When I quit my job to adventure, there were a lot of things I wanted to see. Beautiful temples, distant lands, the faces of new friends. And of course, food. This is why people travel. (Well, that and we’re hard wired and get depressed if we stay put. But people get angry when I trot that one out.)
One thing I didn’t set out to see was fashion.
People use clothing very differently from country to country. In the United States, it’s a uniform. From business suits to the 30-something geek’s pithy T-shirts, every person has a narrow range of acceptable clothing based on their age, occupation, and position in society. You can vary the colors or brands but basically, dress code is mandatory and your friends won’t recognize you if you break step.
This might not sound like the oft-eulogized land of the free, but think about it. Can you wear leather pants and a see-through tank top to your staff meeting? Can you wear a polo shirt and khakis to hang with your emo band? To both questions: yes, but get ready for a shitstorm.
It may seem like the tyranny of the corporate system, but it goes beyond that. The U.S. is a consumer culture through and through, so we express our personalities through brands and trends. Unemployed non-conformist 19 year olds are just as rigid in their wardrobe as married project managers. They cleave to a different narrow mold, but a narrow one all the same.
Asia Ain’t So
In Thailand, I was struck by the diversity of styles on the street. Not just different groups but individuals with their own unique look. In the US if someone is sporting a unique look I make a point to go up and compliment them. Had I done that in Chiang Mai I’d never get 100 steps.
Without a doubt T-shirts and jeans were ubiquitous in Chiang Mai, like anywhere. But a substantial chunk of the population takes the time to build their own personal style. For a people with relatively low income, fashion statements seem to be a spending priority among the younger generation.
At its root, this is no different than the American impulse: spend money on clothing that says who you are. It’s the execution that’s different. Americans buy into a brand or group: Nike has this, goths wear that. Thai 20-somethings seem to disregard all lines of brand, style, East and West to make something that says “this is me.”
Chiang Mai was not my favorite place, but this really impressed me.
I can’t explain this phenomena. Have you ever watched anime? Each major character, good or bad, wears a unique style that extends to their accessories, hair style, and tattoos. For a long time I resisted making the anime comparison because, well, “OMG Asia is like anime!” does not sound like the worldly traveler sound bite of the month. But art/life/inspires, you know the deal: they consume a lot of anime there, and anime is in part based on actual youth culture.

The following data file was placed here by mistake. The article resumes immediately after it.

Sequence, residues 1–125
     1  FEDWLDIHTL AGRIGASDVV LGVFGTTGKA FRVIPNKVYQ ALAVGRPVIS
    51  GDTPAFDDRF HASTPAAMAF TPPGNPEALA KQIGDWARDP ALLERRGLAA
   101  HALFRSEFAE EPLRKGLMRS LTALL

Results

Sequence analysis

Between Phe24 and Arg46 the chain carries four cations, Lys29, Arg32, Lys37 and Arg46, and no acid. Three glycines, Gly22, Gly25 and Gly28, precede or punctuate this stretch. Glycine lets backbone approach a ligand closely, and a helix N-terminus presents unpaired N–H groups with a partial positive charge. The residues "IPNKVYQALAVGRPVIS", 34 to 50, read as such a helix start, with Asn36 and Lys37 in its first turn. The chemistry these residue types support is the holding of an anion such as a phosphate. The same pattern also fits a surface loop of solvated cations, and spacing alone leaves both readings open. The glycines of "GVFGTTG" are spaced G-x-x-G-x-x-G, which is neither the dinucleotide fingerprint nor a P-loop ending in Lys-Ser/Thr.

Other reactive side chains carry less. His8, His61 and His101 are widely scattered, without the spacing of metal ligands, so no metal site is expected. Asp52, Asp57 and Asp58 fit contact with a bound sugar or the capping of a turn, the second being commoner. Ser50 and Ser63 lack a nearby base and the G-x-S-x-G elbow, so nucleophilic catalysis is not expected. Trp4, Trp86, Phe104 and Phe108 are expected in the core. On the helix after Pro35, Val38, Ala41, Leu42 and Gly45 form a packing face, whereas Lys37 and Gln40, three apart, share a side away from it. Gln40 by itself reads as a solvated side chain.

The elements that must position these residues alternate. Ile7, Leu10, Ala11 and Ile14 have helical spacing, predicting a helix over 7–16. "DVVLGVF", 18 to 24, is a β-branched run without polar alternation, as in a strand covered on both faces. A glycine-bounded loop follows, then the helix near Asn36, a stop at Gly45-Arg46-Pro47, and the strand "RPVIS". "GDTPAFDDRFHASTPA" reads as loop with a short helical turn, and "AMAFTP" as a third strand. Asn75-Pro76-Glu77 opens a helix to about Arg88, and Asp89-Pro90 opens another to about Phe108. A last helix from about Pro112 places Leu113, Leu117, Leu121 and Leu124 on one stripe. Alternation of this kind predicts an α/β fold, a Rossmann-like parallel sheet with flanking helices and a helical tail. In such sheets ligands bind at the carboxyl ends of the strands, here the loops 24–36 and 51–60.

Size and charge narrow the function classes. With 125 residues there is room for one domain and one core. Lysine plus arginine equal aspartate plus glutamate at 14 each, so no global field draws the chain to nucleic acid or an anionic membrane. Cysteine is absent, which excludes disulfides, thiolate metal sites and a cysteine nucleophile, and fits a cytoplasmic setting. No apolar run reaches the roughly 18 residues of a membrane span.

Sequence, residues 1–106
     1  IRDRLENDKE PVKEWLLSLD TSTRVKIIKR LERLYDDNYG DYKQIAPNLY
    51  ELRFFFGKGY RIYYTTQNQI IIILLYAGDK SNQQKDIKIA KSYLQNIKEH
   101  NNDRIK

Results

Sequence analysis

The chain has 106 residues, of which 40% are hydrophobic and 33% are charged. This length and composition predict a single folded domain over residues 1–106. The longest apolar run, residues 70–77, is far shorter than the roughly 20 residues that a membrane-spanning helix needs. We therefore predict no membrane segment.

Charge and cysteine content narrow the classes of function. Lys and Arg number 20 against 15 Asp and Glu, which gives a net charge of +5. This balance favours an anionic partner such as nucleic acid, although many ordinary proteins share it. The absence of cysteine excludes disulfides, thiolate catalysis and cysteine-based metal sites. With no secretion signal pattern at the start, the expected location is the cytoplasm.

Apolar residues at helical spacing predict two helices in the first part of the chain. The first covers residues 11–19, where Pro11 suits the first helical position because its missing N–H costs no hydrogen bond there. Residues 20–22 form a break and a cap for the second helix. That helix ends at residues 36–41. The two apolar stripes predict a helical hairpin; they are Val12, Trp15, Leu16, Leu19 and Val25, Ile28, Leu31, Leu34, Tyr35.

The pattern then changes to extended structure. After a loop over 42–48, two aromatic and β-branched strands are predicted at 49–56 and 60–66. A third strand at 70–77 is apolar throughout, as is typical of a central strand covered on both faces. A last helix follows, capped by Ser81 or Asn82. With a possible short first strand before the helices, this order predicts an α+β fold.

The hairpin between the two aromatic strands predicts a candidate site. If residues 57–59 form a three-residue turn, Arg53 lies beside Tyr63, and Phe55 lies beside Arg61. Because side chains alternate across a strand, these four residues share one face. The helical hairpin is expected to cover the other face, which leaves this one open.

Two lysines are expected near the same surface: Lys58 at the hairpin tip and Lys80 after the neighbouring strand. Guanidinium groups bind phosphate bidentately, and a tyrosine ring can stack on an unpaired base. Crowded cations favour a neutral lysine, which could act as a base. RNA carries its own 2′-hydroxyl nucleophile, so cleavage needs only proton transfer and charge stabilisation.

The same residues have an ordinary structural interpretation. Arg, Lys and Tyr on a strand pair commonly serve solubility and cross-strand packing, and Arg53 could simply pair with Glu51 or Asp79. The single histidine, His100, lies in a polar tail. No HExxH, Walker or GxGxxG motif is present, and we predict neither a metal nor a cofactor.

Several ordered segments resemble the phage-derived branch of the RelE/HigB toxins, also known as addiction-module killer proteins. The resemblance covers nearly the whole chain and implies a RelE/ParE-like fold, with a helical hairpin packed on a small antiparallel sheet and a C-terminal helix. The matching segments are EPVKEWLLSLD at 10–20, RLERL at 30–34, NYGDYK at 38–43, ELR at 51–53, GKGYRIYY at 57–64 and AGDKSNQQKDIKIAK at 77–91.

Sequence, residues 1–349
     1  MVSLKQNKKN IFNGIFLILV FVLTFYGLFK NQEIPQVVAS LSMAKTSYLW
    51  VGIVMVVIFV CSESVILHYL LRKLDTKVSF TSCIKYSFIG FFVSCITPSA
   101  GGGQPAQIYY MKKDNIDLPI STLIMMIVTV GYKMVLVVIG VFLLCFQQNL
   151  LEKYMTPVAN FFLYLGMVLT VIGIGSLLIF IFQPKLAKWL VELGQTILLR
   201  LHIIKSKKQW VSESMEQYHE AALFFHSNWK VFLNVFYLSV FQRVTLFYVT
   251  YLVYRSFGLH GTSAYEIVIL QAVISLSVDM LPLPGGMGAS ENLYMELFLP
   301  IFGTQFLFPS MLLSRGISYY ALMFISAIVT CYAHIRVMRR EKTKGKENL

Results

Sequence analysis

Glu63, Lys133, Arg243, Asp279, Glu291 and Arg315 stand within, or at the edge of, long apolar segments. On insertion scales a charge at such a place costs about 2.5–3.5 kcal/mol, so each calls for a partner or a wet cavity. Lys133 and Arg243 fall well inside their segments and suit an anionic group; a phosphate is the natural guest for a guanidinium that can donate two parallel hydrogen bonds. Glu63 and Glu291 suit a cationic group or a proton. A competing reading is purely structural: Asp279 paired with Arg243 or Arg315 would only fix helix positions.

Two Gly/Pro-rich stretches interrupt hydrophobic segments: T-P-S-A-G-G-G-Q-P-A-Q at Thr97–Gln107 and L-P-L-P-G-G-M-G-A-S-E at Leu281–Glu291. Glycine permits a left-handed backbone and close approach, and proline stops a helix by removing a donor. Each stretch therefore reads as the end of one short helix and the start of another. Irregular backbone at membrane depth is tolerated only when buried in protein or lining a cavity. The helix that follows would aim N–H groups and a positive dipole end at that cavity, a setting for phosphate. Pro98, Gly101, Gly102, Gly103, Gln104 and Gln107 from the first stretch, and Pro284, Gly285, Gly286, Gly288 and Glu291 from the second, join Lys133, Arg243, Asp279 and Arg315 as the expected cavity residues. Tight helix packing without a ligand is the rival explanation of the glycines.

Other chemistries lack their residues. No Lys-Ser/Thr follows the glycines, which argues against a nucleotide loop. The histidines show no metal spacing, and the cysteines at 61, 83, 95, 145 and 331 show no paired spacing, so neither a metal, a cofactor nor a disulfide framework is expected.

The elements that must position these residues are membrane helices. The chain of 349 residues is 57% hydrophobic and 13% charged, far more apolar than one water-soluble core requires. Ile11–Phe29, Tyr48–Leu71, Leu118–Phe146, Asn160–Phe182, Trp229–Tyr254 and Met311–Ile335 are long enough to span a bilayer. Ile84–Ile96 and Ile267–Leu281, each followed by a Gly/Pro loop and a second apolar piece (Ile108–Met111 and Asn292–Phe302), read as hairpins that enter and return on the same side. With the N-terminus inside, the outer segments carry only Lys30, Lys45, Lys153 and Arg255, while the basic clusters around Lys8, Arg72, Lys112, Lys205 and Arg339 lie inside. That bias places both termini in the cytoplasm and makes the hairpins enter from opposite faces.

Bottom line, people in Chiang Mai are using fashion as a canvas to express their individualism in a way no US high school rebel has ever matched.
What About Mexico?
The difference between US and Thailand was easy to see. It’s drastic, and they’re almost total opposites. But Mexico makes my head spin.
Again, I’m not talking about T-shirts. Sure, those are everywhere. And walk into any business district and you’ll see suits and professional attire. No surprise there.
But it’s in more informal settings I’m surprised. Frequently I see men in vest, tie, jacket and dress pants just out walking their dogs. Not only older men, but men my age too. Women build themselves up: tall boots with tall heels, flaring jackets with high shoulders, so much hip sway they take up two lanes. It reminds me of a cat puffing itself up to scare off bigger animals.
People dress like this to go to the corner market.
I’ve got an ascot. I’m going to start wearing it.
What cultural differences have surprised you? Jump in and tell us a story. Did fashion statements surprise you somewhere you visited? Did you change your own style afterward?
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By the way, did you know I’ve started my own business? And I make beautiful things? That are magic? Click on over and check out altmagic.com.